An antique bronze bracelet that is suspected to have originated from Africa has been found on Linby farmland owned by Nottinghamshire County Council.
The ornate bracelet was found by Michelle Cain who is a service user of Brooke Farm, which is run by the council and offers training and employment to people with disabilities.
It was found when a greenhouse used for growing tomatoes was being trenched for new crops.
Archaeologists from the council and Nottingham University Museum have inspected the find and suspect it dates from the Victorian period and may be of African origin.
Emily Gillott, community archaeologist from the council, said: “It’s a mystery how such an exotic item found its way to Linby, but it could be a souvenir from someone doing the grand tour in the 19th century.
“How it got to be buried at the farm we will never know.”
Janet Wilkinson, a day service officer, was with Michelle when she found the bracelet.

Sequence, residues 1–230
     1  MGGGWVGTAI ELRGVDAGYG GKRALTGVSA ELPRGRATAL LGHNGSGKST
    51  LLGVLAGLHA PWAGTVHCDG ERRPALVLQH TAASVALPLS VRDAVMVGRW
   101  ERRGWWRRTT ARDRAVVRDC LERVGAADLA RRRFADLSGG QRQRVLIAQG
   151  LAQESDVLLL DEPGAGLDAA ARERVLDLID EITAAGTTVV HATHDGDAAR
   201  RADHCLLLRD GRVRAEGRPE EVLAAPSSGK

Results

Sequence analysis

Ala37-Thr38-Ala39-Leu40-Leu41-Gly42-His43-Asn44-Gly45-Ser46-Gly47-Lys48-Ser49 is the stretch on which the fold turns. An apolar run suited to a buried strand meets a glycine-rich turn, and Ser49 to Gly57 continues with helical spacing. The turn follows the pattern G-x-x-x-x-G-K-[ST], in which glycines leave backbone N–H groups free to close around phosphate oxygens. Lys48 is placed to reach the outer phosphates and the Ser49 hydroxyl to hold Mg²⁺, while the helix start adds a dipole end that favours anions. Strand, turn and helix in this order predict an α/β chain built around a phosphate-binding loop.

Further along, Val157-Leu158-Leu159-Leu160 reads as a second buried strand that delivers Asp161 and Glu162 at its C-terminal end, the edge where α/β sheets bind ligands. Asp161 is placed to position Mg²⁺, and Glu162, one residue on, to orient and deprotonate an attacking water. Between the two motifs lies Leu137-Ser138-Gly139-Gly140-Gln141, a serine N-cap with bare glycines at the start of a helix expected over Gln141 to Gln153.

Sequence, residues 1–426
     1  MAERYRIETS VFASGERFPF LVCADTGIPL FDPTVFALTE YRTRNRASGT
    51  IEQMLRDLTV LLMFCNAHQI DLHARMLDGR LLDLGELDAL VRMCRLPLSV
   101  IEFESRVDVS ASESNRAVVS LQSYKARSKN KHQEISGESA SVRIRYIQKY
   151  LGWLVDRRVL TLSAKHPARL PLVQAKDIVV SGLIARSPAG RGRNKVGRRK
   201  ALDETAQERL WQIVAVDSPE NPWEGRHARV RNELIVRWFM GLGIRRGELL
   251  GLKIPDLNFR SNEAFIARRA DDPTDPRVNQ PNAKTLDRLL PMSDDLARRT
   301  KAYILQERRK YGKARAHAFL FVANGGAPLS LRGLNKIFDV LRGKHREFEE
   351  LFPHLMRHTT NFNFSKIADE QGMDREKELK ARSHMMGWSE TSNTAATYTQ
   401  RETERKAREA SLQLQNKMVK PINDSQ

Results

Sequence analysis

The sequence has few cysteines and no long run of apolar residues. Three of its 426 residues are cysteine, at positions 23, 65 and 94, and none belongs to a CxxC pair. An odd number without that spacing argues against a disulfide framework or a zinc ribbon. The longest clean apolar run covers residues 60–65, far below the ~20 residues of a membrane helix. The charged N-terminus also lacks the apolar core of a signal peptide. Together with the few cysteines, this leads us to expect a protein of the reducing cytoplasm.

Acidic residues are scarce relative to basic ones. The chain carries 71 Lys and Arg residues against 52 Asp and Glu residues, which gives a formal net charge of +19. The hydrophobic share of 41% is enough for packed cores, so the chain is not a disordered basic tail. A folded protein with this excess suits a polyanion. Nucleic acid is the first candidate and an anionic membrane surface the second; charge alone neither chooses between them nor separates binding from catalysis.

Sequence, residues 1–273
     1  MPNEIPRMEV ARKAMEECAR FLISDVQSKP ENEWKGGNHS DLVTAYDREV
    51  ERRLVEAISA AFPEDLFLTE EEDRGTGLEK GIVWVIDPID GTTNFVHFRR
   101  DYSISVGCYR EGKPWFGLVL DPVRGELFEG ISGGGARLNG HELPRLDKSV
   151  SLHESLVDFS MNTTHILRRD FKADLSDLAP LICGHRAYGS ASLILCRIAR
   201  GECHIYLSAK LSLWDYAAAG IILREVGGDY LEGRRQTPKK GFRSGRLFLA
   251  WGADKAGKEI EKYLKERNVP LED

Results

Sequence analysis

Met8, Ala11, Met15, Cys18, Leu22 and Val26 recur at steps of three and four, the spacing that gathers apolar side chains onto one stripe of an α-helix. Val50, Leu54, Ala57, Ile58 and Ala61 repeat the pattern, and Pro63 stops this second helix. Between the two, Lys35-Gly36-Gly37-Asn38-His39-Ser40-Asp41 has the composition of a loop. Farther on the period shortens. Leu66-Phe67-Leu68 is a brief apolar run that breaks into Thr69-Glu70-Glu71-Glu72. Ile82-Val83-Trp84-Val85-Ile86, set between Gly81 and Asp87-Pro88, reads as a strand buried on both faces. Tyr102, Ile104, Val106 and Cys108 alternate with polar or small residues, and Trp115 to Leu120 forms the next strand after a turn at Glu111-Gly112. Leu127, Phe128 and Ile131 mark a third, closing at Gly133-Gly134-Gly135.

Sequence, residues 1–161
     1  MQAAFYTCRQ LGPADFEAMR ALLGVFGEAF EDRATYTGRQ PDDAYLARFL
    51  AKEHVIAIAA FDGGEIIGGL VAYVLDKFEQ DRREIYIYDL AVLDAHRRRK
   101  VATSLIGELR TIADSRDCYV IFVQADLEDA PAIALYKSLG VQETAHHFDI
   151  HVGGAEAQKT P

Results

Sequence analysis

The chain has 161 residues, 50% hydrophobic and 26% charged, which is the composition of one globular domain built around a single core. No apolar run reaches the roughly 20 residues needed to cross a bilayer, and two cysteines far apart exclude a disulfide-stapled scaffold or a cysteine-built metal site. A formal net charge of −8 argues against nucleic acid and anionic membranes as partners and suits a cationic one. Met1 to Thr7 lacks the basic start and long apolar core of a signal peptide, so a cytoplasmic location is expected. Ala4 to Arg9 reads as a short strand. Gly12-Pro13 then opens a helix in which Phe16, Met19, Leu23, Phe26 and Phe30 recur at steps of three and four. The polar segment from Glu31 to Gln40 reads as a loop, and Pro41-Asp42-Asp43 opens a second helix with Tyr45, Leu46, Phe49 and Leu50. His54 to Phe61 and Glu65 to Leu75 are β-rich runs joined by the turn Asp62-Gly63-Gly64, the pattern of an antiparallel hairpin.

She said: “We were really excited, we could tell it was old, cleaned away the soil and saw the detail on the bracelet.”
Brooke Farm is a commercial enterprise growing vegetables and plants for sale to the general public.
The farm shop offers a range of home-grown produce for sale including, free range eggs, seasonal vegetables, salad and fruit, flowers and plants along with locally-sourced products such as bread, milk, preserves, pickles, cakes and biscuits.
Produce grown at Brooke farm is sold at the farm shop in Main Street, Linby.
It is open Monday to Thursday 8am to 3.45pm, Friday 8am to 3.15pm and Saturday 8am to 3pm.
For further information on the shop call 0115 963 2638.